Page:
Bush, Blair look beyond Saddam at summit
The two leaders are to discuss a broad range of post-Saddam "geopolitical issues" which they touched upon briefly.india Updated: Mar 27, 2003 10:27 IST
US President George W Bush and British Prime Minister Tony Blair started a two-day summit on Wednesday with a warm-up discussion over dinner of "geopolitical issues" that the world will face once the war in Iraq is over, a British official said.
Blair flew into Washington from London earlier in the day and flew immediately by helicopter to the US presidential retreat at Camp David, Maryland where he was to spend the night.
They are to start on Thursday with a 40-60 minute joint briefing via video link with Washington, London and coalition military headquarters in Qatar for an update on the US-led invasion of Iraq that began a week ago on Thursday.
"I stress it is an update of the agreed strategy, as agreed several weeks ago" to overthrown Iraqi leader Saddam Hussein and clear the country of weapons of mass destruction, the official told reporters in Blair's entourage.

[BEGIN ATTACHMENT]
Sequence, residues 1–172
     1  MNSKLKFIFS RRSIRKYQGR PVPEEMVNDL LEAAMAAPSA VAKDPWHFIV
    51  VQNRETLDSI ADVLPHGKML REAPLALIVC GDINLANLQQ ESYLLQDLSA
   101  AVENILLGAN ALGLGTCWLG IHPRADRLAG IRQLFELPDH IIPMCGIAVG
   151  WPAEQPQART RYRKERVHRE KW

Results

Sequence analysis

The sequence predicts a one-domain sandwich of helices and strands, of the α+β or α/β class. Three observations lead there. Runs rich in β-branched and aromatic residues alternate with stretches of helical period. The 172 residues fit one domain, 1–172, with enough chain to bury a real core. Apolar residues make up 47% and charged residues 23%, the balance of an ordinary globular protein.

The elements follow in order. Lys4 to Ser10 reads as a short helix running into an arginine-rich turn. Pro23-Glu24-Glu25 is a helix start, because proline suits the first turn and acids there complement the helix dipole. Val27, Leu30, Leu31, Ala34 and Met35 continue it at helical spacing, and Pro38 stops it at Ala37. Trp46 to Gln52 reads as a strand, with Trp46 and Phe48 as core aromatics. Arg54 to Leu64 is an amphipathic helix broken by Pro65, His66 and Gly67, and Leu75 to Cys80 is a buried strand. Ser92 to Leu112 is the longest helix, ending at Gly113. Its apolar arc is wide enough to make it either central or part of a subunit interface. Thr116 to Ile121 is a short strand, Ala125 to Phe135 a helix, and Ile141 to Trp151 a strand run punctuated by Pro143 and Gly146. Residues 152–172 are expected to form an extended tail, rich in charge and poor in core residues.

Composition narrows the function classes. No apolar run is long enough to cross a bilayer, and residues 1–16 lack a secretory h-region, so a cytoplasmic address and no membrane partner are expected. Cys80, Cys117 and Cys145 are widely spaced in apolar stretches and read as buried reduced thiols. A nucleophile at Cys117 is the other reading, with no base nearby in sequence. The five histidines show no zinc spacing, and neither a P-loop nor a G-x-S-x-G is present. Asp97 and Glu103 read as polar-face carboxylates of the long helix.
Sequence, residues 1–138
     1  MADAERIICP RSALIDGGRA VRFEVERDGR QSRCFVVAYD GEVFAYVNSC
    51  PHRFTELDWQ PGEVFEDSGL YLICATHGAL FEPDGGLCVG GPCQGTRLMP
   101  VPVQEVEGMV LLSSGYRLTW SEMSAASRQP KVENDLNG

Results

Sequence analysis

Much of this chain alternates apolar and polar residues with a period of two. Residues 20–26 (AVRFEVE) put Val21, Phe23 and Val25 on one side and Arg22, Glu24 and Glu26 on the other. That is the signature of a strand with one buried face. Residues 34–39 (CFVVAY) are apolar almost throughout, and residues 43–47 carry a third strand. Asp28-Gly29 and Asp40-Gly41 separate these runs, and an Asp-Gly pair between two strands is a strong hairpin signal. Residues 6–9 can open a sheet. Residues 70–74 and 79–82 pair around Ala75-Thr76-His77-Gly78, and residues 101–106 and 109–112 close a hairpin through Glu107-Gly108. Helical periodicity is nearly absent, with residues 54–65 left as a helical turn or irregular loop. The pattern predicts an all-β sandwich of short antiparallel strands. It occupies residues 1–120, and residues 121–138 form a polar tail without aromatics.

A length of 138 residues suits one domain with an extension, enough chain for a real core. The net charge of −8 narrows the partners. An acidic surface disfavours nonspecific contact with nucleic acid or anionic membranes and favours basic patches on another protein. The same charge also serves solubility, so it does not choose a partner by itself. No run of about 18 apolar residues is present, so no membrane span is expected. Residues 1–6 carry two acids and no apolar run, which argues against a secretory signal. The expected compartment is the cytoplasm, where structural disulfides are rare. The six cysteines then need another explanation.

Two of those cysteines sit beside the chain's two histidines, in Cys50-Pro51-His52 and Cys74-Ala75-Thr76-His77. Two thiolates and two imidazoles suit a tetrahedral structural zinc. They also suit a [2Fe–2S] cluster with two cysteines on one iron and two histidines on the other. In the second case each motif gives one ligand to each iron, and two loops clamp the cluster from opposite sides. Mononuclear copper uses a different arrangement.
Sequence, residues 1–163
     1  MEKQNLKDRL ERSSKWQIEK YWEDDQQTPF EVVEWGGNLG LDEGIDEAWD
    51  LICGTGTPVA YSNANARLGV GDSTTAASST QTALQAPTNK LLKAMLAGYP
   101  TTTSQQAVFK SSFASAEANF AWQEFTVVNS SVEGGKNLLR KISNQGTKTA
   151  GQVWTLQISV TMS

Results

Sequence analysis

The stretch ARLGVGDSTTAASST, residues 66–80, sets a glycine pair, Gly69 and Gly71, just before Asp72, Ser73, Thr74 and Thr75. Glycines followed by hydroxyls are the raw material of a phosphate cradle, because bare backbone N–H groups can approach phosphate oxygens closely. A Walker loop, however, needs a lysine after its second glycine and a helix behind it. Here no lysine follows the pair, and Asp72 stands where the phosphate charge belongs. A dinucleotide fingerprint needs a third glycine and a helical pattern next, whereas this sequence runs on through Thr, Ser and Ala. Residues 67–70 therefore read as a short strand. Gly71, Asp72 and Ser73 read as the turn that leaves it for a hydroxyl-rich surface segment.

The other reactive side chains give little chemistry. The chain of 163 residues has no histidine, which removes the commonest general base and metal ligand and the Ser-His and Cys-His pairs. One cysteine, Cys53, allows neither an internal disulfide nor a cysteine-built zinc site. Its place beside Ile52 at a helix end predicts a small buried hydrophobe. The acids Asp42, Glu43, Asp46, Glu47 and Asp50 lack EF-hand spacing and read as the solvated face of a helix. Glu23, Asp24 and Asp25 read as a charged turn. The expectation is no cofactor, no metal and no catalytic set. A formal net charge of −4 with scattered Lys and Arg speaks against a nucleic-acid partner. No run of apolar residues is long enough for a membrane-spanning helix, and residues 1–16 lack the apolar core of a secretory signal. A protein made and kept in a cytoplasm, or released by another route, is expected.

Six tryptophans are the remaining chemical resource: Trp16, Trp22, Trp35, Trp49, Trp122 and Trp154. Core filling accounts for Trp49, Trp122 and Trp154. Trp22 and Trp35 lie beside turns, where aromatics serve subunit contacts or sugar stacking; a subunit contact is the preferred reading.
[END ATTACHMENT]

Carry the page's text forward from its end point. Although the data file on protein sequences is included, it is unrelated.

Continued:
Afterwards, the two leaders are to discuss a broad range of post-Saddam "geopolitical issues" which they touched upon briefly over Wednesday's two-hour dinner in the Laurel Cabin at Camp David.
Those issues include the role of the United Nations in rebuilding Iraq, the quest for Israel-Palestinian peace, relations between the West and the Islamic world, and badly strained transatlantic ties.
Blair is to see UN Secretary General Kofi Annan quickly on his way back to London on Thursday, in a VIP lounge at New York's John F Kennedy international airport.
On the possible role that the United Nations might play in administering Iraq if the coalition conquers Iraq, the British official said, "Obviously it is an issue that we will touch on."
"But it is not a single issue summit," he added, "and there will be no decisions taken on that during this summit."
"We have to see what the post-Saddam Iraq is going to look like. We have to see what the pace of events are, and we have to also have discussions at the UN," he said.
When they met in the Azores on March 16, four days before the war broke out, Bush, Blair and Spanish Prime Minister Jose Maria Aznar called for immediate UN humanitarian aid for Iraq and a quick resumption of its Oil for Food program.
They also pledged to get UN Security Council endorsement of "an appropriate post-conflict administration for Iraq," though the Bush administration is cold to the idea that the UN itself should run the country for an interim period.
Blair has left his options open, insisting only that the United Nations' role must be "central."